ATLANTA (AP) — Democratic candidates in Georgia's top races walloped their Republican counterparts in fundraising for the period covering July, August and September.
Some of the biggest discrepancies, shown in the most recent campaign finance reports filed by the candidates, came in Georgia’s dual U.S. Senate contests — races that could help determine control of the Senate.
Democrat Jon Ossoff raised $21.3 million during the period in his quest to unseat Republican Sen. David Perdue, a close ally of President Donald Trump. Ossoff’s campaign said it received over 600,000 contributions and that the average contribution was $35. He finished the quarter with $8.3 million in cash reserves.
Perdue, who is seeking a second term, raised about $5.6 million during the period. But he ended it with nearly the same amount of cash on hand as Ossoff: about $8.2 million. Polls show a neck-and-neck race between Perdue and Ossoff entering the final stretch before Election Day on Nov. 3.
In Georgia’s other Senate race, Democrat Raphael Warnock brought in $12.9 million during the three-month period, more than quadrupling the total he raised the previous quarter. Warnock, the top Democrat in a multi-candidate race for the seat Republican Sen. Kelly Loeffler was appointed to less than a year ago, ended the quarter with $6.5 million in cash reserves.
Loeffler, who has spent much of the campaign locked in a battle with Republican Rep. Doug Collins for voters from the right-wing of the GOP, raised about $2.2 million during the period and personally loaned her campaign another $5 million. She has previously loaned her campaign $15 million of her own vast personal wealth, bringing the total self-loan to $20 million. Loeffler finished the quarter with about $5.6 million in cash on hand.
Collins raised about $2.3 million and finished the quarter with about $2.4 million in reserves. With 20 candidates challenging Loeffler, the race will likely be decided by a Jan. 5 runoff, required between the top two candidates if no one breaks 50% on Nov. 3.
The strong showing among Democrats in Georgia coincides with a period in which Democrats challenging incumbent Republican senators nationwide posted big numbers. In South Carolina, Democrat Jaime Harrison broke congressional fundraising records by bringing in $57 million for the quarter in his race against Republican Sen. Lindsey Graham.
With cash flowing in, Senate races in Georgia have triggered an advertising blitz. More than $155 million has been committed to ads in both of Georgia’s Senate races combined, including past spending and future reservations from candidates and outside groups.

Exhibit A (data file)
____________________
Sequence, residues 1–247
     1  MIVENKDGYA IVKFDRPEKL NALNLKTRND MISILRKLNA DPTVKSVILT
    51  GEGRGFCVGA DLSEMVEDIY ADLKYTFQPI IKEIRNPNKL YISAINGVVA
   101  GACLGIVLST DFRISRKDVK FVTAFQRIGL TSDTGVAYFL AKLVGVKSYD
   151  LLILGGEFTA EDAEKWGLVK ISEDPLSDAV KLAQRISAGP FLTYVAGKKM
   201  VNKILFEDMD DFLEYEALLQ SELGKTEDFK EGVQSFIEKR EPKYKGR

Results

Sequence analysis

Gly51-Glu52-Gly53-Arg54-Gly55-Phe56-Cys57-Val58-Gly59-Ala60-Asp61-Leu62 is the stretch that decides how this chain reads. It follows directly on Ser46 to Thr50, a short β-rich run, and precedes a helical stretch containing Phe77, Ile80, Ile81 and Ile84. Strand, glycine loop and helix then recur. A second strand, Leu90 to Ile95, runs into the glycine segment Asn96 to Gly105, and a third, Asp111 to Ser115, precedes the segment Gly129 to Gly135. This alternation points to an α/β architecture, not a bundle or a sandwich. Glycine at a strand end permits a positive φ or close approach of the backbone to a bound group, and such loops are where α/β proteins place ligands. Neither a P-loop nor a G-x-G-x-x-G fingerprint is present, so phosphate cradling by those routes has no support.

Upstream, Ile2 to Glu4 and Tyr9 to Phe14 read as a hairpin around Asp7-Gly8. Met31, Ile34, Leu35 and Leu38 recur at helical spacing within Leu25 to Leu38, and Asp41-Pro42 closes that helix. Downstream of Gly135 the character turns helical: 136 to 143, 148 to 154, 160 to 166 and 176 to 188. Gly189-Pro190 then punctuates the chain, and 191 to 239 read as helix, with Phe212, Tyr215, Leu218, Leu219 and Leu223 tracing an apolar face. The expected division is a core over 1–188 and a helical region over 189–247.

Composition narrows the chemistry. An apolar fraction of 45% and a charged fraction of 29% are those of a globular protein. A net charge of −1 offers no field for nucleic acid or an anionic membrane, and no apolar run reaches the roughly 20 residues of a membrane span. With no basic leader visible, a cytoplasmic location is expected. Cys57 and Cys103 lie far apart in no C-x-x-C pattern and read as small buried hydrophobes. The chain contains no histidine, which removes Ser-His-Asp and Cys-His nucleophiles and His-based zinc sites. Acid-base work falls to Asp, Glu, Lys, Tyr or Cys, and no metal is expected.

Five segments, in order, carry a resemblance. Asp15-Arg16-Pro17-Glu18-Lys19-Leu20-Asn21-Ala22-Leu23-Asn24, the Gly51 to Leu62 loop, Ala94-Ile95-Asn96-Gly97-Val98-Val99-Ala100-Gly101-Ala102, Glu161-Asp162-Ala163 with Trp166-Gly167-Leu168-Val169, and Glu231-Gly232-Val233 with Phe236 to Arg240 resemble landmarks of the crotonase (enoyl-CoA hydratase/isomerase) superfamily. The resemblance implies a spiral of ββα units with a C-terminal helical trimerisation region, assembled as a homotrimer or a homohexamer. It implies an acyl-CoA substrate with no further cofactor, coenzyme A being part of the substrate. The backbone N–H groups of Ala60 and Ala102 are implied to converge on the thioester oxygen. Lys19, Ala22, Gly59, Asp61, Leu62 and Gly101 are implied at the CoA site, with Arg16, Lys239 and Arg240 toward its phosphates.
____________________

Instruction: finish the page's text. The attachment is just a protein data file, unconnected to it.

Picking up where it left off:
Democrats also had a fundraising edge in a pair of hotly contested U.S. House races in the suburbs north of Atlanta.
In Georgia’s 6th Congressional District, a rematch of 2018 between Democratic Rep. Lucy McBath and Republican Karen Handel, McBath raised $2.2 million for the quarter and is left with $1.9 million in cash. Handel, who previously held the seat before losing to McBath by about 3,200 votes two years ago, raised approximately $826,000 for the quarter and is left with about $1 million in cash reserves.
In the neighboring 7th District, Democrat Carolyn Bourdeaux faces Republican Rich McCormick for the open seat. Bourdeaux, who lost to Republican Rep. Rob Woodall by less than 500 votes in 2018 before Woodall announced his retirement from the House, raised about $2.1 million during the period. She finished the quarter with about $911,000 in cash reserves. McCormick raised about $1.1 million during the period and finished the quarter with $689,000 in cash reserves.
Outside groups have also been spending heavily on the races.
To date, the conservative Super PAC Senate Leadership Fund has spent more than $32.1 million against Ossoff, according to data compiled by the Center for Responsive Politics. The liberal Senate Majority Super PAC has spent about $16.7 million against Perdue.
In Georgia's other Senate race, the conservative Super PAC Georgia United Victory has spent more than $10.5 million opposing Collins. Recent disclosures show that Loeffler's husband, Jeffrey Sprecher, has contributed about $5.5 million to the group since August.
In the 6th District race, the National Republican Congressional Committee PAC has spent about $1.8 million opposing McBath, while the liberal Super PAC Everytown for Gun Safety Victory Fund has spent nearly $1.5 million opposing Handel, according to the Center for Responsive Politics. In the 7th District, the conservative Super PAC Club for Growth Action has spent nearly $1.5 million opposing Bourdeaux and another $930,000 boosting McCormick, while the Democratic Congressional Campaign Committee PAC has spent just under $2.8 million opposing McCormick.